"rarely" and "seldom"?

My Collins uses "seldom" as its explanation of "rarely" and
vice
versa. I feel no difference whatsoever.


Nevertheless, I would suggest that "seldom" is used less often
than "rarely", which would imply some slight difference of
tone.


So, what you are saying is that "seldom" is used seldom, but
"rarely" is used rarely. Got it.


To me, what he wrote meant was that 'seldom' is rarely used, while
'rarely' is seldom used.

That is to say that in my usage something that *rarely* occurs
happens less often than something that *seldom* occurs.


That's not what Robert wrote. He said that "seldom" occurred less often
than "rarely".

Possibly
for that reason, the term 'seldom' would be more likely to appear
in a text. There are more occurrences of things that seldom happen
than things that rarely happen.


Again, that's not what Robert wrote.

Thank you. I do not agree that there is a meaning difference - at least
not in the circles I have mixed in over the years. But, since "seldom"
(in my opinion, since I don't know how to prove this and don't trust
Google) seems to be used less frequently than "rarely", I assume it has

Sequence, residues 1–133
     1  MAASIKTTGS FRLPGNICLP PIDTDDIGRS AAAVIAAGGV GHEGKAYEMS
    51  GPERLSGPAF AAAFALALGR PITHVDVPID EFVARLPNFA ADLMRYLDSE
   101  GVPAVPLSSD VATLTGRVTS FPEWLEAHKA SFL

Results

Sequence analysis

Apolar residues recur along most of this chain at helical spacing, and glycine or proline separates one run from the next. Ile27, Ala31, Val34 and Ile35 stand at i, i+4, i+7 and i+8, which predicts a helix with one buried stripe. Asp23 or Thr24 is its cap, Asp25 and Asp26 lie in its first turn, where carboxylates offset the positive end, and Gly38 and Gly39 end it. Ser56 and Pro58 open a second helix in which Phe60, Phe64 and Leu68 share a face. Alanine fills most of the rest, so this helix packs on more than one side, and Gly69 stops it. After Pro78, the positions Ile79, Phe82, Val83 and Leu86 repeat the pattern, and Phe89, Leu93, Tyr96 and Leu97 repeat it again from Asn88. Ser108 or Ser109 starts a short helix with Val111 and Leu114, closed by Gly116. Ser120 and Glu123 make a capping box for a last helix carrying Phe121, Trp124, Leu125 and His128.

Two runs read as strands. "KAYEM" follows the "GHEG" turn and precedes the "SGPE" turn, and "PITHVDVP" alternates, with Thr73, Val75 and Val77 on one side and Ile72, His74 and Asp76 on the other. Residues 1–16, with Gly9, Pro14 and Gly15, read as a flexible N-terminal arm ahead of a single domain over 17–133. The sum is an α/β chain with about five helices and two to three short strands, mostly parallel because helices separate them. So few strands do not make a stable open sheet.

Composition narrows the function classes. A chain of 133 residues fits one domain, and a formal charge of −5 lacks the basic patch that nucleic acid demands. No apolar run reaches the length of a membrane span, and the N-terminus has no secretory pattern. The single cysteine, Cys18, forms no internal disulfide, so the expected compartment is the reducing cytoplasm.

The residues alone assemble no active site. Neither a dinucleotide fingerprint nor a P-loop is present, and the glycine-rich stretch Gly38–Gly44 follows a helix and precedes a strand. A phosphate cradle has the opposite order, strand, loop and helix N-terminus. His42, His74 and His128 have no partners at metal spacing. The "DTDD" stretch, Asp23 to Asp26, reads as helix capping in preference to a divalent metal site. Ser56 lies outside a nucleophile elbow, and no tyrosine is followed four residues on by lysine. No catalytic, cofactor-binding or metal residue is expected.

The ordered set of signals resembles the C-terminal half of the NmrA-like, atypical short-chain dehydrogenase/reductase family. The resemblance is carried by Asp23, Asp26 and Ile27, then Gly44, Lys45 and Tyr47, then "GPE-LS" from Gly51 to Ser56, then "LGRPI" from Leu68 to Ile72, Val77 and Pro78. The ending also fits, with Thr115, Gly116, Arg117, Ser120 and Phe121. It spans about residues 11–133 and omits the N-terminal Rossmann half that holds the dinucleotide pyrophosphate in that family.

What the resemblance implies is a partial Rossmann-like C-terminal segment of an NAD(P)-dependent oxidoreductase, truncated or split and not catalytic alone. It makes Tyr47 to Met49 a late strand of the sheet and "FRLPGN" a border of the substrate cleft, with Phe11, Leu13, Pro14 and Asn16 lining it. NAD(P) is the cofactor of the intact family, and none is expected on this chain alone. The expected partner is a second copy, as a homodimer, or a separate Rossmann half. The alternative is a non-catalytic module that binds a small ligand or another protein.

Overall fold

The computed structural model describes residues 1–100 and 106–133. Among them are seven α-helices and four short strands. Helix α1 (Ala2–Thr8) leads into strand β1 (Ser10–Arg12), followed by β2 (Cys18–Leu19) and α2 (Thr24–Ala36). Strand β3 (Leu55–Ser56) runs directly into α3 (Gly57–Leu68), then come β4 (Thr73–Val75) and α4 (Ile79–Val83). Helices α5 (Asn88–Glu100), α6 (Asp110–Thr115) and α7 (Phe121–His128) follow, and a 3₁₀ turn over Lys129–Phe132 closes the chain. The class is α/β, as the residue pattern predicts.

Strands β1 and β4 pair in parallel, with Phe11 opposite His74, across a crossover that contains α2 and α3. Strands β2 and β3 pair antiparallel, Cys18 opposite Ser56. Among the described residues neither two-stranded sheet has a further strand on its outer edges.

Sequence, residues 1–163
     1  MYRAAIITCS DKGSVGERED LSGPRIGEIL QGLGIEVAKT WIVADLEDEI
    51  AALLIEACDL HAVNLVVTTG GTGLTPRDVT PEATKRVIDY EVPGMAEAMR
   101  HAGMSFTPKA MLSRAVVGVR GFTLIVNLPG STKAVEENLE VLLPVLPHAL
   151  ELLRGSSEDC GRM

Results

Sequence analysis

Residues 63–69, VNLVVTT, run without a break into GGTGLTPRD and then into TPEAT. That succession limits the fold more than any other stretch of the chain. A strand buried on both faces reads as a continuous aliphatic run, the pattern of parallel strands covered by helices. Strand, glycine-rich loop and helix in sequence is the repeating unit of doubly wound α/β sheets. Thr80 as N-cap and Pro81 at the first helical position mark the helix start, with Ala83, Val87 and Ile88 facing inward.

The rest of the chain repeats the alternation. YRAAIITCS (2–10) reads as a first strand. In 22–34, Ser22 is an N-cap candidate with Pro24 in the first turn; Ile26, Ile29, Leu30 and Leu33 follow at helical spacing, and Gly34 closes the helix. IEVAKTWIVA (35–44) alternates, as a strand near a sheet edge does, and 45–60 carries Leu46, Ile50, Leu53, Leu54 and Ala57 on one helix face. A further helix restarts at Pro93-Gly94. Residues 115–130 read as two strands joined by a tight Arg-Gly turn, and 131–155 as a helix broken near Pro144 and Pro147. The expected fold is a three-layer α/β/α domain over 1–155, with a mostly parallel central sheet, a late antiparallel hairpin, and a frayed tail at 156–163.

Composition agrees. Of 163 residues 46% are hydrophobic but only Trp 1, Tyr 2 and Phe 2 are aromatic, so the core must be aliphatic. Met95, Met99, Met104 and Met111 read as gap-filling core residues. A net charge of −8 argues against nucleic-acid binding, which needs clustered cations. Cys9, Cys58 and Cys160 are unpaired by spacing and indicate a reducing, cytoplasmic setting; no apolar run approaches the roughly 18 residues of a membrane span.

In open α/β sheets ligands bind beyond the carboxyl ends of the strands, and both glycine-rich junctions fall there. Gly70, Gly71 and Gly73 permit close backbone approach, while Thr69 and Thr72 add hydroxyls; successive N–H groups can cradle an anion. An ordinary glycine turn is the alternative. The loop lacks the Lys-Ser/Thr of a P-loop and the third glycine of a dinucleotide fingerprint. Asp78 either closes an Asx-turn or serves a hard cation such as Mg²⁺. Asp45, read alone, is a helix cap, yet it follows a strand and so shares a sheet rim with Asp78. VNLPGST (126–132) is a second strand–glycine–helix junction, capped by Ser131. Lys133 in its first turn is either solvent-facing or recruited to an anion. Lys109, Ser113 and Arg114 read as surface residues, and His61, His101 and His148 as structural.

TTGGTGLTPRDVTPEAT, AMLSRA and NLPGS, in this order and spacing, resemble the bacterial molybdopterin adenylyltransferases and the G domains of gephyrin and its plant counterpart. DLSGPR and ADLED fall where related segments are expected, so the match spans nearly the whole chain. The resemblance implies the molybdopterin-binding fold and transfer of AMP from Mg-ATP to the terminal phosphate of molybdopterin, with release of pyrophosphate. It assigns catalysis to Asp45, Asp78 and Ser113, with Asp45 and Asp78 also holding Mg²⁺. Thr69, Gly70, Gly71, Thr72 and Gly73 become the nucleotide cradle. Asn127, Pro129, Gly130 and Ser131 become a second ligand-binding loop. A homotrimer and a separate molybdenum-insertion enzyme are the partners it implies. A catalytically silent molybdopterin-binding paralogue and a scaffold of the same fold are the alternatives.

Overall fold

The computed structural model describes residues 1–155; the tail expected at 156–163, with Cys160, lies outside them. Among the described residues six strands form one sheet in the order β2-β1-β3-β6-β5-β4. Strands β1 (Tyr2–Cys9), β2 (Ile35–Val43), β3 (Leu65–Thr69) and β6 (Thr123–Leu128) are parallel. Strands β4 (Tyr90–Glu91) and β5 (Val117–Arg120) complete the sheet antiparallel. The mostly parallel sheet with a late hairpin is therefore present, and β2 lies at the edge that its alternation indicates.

a very slightly more literary feel to it.

--
Rob Bannister
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Daniel G. \"Govende\" McG
Guest





Posted: Mon Aug 01, 2005 11:39 pm    Post subject: Re: Rarely vs Seldom Reply with quote

On 24 Jul 2005 06:18:48 -0700, "Troy Steadman"
<troysteadman@yahoo.co.uk> wrote:

Quote:

I have three Concise Oxford's stuffed full of notes and I am not about
to ditch them for anything new-fangled. I withdraw "Near synonyms don't
exist" and I accept '"nearly caught the plane" is easily understood by
anyone fluent in English'.

What I do not accept is that people can be sure two words are "nearly"
synonyms without having the remotest inkling of what differentiates
them.

I think "Rarely" picks up a bit of class from Rare=Precious which
This is the point at which I can admit that I have had problems in

dealing with all the various meanings and usages of the word "rare"
since January of 2003 (when my mother told me the story about Dr.
Montazem). Mom claims to only know of two RAREs, in the same way that
I assumed for a long time, but I can now realize that it is a very
confusing lexical item.

This word is not to be confused with "sans". Leave that one to
bezoikin' Omar and Edward.

Quote:
"Seldom" can never achieve. Therein lies the nuance. I would like you
all to have the courage to climb off your fence:

A) The words are synonyms.

...or...

b) This is the nuance between them...

A...? Or...B?

- Daniel al-Autistiqui
--
Daniel Gerard McGrath: a/k/a "Govende"
I have the developmental disability Autism.

To e-mail me, remove the six upper-case letters at
the beginning of my address.
[This signature is under construction.]